• National vulnerability databases

More importantly, Ordr has the capability to automatically segment and isolate any device that is impacted by vulnerabilities, with one touch of a button. These policies can be enforced on any security or networking infrastructure.

Implement a Continuous and Vigilant System Monitoring Program

Incident Summary

Through the Ordr Incident Summary & Device Risk Summary, we can visually show the continuous discovery and monitoring of devices, highlight any new risks to those devices (ie. Ripple20), alert based on severity, and create action for segmentation.

Ripple20 Device Incident

Exercise your Incident Response Plan

We automate the appropriate responses for security and networking teams. These include the automated creation and enforcement of segmentation policies or alerting and triggering a specific security or operational workflow. We also integrate with enforcement points (like switches, CISCO ISE, CPPM, controllers, etc.) to quarantine, blacklist, shutdown or enforce an ACL.

  • Proactive Segmentation – Unlike users, devices should only communicate with specific systems. Ordr dynamically create policies to allow only appropriate device communications. These policies can be automatically enforced on existing infrastructure — firewalls, switches, NAC and wireless LAN controllers.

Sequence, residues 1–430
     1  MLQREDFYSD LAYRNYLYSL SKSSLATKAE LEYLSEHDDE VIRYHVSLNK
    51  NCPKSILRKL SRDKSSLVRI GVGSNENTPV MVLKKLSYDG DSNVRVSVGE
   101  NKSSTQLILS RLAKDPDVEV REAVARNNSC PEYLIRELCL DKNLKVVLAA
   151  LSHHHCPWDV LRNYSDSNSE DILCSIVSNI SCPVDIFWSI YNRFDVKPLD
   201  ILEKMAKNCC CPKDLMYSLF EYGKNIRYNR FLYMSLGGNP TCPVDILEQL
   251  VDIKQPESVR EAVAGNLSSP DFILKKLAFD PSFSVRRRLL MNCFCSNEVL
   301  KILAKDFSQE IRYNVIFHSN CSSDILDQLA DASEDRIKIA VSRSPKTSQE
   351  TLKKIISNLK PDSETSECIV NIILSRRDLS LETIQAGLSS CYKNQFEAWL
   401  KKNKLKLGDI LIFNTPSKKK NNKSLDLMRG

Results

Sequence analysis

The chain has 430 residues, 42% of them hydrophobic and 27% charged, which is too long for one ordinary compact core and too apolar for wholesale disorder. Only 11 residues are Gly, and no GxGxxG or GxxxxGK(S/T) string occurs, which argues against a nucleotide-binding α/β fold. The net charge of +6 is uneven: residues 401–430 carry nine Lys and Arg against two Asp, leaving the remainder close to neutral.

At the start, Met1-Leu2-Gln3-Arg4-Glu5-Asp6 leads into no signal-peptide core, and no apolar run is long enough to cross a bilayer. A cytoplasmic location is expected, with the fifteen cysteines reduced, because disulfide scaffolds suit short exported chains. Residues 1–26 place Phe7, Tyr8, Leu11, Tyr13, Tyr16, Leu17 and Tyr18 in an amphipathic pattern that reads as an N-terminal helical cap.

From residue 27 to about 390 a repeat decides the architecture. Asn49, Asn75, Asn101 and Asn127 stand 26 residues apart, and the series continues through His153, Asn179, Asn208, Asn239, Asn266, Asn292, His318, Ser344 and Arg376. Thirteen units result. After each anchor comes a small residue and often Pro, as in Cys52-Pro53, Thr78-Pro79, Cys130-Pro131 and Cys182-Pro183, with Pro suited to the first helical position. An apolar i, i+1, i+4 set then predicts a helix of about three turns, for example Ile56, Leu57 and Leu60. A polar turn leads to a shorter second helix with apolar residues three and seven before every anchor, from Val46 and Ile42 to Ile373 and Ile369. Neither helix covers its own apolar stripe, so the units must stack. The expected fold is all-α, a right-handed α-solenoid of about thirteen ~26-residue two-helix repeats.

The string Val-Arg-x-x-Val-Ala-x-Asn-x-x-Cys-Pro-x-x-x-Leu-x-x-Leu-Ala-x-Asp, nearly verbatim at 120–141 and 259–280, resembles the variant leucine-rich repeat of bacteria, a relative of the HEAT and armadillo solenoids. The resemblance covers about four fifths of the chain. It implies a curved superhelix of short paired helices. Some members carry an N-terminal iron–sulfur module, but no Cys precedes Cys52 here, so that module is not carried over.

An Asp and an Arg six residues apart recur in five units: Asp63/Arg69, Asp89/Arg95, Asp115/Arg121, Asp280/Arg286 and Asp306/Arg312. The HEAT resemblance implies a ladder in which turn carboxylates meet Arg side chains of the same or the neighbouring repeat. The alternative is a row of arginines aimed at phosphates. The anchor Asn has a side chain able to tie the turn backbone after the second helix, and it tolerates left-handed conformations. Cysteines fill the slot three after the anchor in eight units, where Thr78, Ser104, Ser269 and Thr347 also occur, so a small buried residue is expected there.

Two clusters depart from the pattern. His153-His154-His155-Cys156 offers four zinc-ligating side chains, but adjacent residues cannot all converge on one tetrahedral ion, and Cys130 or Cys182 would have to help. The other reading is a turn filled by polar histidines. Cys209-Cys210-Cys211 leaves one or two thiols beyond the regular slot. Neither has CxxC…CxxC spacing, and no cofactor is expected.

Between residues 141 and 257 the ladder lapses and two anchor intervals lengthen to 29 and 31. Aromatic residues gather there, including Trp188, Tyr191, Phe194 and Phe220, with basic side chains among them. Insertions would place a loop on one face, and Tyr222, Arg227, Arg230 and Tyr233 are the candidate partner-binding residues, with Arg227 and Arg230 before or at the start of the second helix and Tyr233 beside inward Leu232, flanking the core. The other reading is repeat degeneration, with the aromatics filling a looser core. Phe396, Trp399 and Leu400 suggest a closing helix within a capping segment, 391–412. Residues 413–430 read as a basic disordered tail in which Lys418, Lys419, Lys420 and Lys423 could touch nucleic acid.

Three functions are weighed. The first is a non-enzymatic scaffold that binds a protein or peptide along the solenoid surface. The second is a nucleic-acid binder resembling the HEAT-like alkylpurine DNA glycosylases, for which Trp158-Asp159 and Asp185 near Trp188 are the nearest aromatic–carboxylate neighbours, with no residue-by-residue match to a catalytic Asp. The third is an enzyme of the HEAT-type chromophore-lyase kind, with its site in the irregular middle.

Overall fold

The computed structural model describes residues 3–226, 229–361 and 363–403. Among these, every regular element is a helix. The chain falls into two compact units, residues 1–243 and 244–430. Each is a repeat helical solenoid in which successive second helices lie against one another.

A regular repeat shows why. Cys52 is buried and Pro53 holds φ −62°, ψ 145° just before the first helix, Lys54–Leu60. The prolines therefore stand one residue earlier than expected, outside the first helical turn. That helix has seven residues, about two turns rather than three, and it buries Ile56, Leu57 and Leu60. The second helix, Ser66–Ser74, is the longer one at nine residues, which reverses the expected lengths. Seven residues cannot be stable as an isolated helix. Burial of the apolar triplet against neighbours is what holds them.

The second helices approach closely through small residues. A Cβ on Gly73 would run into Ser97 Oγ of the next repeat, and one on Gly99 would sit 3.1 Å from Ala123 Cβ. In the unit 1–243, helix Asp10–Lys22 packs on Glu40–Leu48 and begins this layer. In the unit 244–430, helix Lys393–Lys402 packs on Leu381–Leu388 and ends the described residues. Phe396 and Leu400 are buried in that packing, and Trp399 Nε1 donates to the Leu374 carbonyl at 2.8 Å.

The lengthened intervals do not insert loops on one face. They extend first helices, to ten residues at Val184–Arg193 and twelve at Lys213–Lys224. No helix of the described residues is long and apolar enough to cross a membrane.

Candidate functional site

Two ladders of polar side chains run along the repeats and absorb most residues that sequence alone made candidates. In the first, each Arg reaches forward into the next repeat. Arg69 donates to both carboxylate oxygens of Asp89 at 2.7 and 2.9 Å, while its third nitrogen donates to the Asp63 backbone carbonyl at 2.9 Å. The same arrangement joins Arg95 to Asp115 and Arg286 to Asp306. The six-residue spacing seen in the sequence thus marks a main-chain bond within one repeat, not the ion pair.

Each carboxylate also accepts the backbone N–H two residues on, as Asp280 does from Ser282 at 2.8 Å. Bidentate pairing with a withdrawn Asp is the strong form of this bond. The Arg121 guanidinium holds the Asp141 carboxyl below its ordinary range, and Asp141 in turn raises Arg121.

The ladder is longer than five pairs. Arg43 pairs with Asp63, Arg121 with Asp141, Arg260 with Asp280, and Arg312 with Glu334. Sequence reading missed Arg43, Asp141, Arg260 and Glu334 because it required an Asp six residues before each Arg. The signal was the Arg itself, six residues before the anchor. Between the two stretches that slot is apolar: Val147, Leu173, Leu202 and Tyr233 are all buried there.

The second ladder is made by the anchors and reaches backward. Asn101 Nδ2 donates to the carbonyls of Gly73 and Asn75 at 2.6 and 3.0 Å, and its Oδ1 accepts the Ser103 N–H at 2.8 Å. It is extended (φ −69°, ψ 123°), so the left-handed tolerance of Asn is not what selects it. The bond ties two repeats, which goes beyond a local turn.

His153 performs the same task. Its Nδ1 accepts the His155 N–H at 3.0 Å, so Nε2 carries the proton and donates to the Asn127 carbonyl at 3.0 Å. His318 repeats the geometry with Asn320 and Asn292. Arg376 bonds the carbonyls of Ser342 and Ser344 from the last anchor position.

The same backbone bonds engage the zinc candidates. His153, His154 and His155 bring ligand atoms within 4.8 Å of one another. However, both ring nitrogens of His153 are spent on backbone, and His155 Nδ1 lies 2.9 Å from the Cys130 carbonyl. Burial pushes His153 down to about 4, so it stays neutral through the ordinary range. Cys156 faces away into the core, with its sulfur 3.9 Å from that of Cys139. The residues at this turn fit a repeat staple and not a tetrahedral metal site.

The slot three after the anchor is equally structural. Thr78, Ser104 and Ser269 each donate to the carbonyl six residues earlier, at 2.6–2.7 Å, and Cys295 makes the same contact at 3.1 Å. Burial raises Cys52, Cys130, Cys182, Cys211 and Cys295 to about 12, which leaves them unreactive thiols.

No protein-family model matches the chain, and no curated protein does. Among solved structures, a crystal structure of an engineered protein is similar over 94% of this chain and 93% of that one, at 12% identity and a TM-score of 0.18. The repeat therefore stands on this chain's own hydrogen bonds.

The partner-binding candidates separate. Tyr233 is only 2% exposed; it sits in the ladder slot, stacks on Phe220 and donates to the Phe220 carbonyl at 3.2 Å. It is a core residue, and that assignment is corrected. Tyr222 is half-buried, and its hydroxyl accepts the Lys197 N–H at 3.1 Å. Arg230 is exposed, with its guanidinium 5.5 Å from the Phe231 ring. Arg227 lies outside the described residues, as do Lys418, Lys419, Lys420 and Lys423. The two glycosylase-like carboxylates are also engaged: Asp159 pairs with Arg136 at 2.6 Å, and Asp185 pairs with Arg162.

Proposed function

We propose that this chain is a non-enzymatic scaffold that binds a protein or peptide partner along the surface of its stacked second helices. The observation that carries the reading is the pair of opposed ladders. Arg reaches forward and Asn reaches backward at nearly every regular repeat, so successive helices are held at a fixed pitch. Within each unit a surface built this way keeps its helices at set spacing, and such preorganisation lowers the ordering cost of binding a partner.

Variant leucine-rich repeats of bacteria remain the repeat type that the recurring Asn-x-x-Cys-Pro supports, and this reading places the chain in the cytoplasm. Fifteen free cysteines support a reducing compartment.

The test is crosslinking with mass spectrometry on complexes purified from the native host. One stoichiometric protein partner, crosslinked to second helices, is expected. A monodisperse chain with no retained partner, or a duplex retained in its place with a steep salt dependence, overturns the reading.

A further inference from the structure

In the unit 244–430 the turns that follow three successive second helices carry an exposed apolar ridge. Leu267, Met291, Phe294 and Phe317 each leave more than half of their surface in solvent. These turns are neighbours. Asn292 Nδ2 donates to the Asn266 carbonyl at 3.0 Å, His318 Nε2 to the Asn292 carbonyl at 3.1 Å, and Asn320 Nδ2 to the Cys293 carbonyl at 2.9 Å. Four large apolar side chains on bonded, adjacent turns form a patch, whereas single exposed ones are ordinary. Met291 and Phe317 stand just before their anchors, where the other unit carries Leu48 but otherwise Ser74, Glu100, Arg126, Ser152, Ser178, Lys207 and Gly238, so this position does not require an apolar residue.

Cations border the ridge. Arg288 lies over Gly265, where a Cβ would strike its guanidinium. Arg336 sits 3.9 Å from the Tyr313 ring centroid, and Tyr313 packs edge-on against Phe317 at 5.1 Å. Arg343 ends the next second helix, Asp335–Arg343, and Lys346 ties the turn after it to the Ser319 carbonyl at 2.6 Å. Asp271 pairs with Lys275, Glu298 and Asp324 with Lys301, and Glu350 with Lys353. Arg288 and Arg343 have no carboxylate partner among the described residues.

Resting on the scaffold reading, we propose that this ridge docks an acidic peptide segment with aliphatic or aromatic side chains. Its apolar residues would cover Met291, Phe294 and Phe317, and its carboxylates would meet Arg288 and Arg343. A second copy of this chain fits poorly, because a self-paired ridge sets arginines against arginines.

• Operational Actions – when a new or unknown device is discovered, we can trigger a centralized workflow with a CMMS or CMDB to ensure proper inventory, authentication, and routing to the right device owners.
  • Security and Incident Response Actions – in the event of a security incident, or if devices have triggered an alert (known vulnerability, weak cipher, weak certificate, active threat, or malicious/suspicious behaviors) we can initiate an incident response workflow in a SIEM or SOAR, or automatically segment the impacted device.

To learn more about how Ordr can help your organization, schedule a demo.